East Coast fever
East Coast fever (theileriosis) is a disease of cattle, sheep and goats caused by the protozoan parasite Theileria parva. The term excludes diseases caused by other Theileria, such as tropical theileriosis (also known as Mediterranean theileriosis), caused by T. annulata, and human theileriosis, caused by T. microti.
East Coast fever is probably the most important livestock diseases in Africa, causing an annual loss of 1.1 million cattle and $168 million in 1992. It is found in Sudan, South Africa, the Democratic Republic of Congo, Swaziland, Zimbabwe, Zambia, Tanzania, Kenya, and Uganda. The primary vector for T. parva is Rhipicephalus appendiculatus.
Theileria species are the only eukaryotic organisms known to transform lymphocytes. The intermediate hosts for T. parva are cattle. The definitive hosts are the ticks. Native cattle are often resistant to the parasite, but not without symptoms. They are hosts to the parasite, but do not suffer as severely as foreign cattle.
Clinical signs and diagnosis
Mortality can be up to 100%, with death occurring around 18–30 days after the initial attachment of infected ticks, because the incubation required is around 10–25 days, and the parasite spreads quickly and is rather aggressive.
Clinical signs for diagnosis include, but are not limited to, fever and enlarged lymph nodes near the tick bite(s). Smears and stains can also be done to check for the parasite. Schizonts (meronts, or segmentors) can be found in infected lymphocytes. Pathology includes anorexia, dyspnea, corneal opacity, nasal discharge, frothy nasal discharge, diarrhea, pulmonary edema, leukopenia, and anemia. Endemic cattle given medication sometimes recover to varying degrees, or death follows due to blocked capillaries and parasites infecting the central nervous system. Cattle that are endemic and manage to survive tend to be carriers.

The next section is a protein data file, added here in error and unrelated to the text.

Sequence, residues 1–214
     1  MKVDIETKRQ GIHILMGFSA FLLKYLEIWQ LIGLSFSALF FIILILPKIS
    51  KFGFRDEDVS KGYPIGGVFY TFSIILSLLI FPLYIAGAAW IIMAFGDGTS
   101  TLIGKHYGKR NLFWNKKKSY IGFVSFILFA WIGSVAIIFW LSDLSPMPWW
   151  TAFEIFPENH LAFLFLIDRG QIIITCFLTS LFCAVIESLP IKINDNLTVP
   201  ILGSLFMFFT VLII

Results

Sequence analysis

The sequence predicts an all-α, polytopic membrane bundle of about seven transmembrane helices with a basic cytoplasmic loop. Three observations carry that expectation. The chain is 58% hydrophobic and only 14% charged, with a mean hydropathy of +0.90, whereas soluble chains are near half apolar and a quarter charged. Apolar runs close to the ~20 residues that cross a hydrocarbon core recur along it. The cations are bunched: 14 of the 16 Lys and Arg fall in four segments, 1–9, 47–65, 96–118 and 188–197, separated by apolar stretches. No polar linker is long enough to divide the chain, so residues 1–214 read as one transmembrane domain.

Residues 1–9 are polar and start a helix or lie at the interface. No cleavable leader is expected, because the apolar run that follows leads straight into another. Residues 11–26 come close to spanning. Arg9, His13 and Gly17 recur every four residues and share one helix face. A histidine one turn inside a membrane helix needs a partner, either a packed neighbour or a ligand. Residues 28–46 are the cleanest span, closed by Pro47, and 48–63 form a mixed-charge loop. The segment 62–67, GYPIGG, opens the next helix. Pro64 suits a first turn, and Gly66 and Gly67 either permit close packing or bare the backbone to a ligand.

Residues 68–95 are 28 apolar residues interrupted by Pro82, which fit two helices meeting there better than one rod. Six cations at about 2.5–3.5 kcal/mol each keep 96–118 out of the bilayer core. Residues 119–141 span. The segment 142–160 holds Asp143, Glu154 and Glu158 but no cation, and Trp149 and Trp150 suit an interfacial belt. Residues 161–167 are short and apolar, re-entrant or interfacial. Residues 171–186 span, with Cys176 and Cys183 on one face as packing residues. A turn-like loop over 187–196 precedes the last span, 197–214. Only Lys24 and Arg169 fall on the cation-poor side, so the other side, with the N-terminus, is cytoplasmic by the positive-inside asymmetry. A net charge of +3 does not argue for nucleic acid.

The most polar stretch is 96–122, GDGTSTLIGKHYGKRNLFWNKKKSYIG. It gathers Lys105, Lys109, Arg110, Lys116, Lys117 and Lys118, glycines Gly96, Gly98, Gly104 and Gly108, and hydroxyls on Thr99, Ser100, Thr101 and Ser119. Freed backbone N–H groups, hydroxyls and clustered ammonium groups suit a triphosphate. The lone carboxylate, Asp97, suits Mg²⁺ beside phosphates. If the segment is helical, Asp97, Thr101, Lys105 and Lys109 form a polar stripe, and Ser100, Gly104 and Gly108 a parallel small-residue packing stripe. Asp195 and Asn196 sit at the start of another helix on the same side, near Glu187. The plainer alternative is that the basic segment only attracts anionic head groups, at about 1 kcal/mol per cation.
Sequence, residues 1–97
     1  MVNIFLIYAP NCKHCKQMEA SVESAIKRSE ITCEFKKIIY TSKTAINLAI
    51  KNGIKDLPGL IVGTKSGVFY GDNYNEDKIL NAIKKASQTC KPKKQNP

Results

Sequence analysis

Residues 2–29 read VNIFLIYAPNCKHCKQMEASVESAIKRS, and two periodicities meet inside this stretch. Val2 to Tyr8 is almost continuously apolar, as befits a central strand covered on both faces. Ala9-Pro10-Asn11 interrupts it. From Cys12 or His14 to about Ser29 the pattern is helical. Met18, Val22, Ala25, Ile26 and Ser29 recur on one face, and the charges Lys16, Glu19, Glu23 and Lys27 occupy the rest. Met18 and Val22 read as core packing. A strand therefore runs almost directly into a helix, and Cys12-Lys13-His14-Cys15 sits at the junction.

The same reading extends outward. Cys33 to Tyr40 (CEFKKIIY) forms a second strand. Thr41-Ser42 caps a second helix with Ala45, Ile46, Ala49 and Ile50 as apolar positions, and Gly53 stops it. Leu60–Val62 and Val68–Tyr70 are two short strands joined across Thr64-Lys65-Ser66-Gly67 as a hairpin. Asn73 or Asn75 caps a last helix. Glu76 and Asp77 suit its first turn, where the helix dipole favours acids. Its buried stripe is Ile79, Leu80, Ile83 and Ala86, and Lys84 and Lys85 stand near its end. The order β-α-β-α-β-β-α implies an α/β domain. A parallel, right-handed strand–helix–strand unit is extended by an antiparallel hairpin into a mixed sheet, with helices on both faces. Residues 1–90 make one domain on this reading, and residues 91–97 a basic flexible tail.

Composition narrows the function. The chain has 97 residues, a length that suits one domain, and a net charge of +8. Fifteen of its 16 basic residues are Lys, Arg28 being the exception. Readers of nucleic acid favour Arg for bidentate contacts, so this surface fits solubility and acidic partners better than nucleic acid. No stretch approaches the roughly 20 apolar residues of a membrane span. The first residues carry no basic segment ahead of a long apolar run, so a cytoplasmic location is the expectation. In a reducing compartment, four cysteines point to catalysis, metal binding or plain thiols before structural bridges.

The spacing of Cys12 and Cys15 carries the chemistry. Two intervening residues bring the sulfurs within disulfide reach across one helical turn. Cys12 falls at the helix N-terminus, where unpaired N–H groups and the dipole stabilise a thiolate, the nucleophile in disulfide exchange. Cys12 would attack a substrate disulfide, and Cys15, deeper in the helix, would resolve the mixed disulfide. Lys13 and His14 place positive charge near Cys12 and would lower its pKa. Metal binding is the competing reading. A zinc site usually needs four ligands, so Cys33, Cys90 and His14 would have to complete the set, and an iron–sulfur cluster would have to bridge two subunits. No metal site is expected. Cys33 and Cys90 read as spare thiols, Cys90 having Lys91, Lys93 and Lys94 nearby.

A form of East Coast fever called corridor disease is observed when the organism is transmitted from the African buffalo to cattle. Another form, called January disease, only occurs over the winter months in Zimbabwe due to the tick lifecycle.
For diagnosis, post mortem findings are characteristic and mainly include damage to the lymphoid and respiratory systems.
Treatment and control
The classical treatment with tetracyclines (1970–1990) cannot provide efficiency more than 50%.
Since the early 1990s, buparvaquone is used in bovine theileriosis with remarkable results (90 to 98% recovery).
Other than the buparvaquones, other chemotherapeutic options are the parvaquones, e.g. Clexon. Halofuginone lactate has also been shown to have an 80.5% efficacy against Theirelia parva parva infections. The ultimate factor that causes death is pulmonary edema. In May 2010, a vaccine to protect cattle against East Coast fever reportedly had been approved and registered by the governments of Kenya, Malawi and Tanzania. This consists of cryopreserved sporozoites from crushed ticks, but it is expensive and can cause disease.
Control of the disease also relies on tick control and the development of disease-resistant ticks. Control of ticks of domestic animals is a major concern in tropical countries with large livestock populations, especially in the endemic area of East Coast fever. Chemical pesticides (acaricides) are applied in dipping baths or spray races, and use of breeds of cattle with good ability to acquire immune resistance to the vector ticks are used to control the measure.
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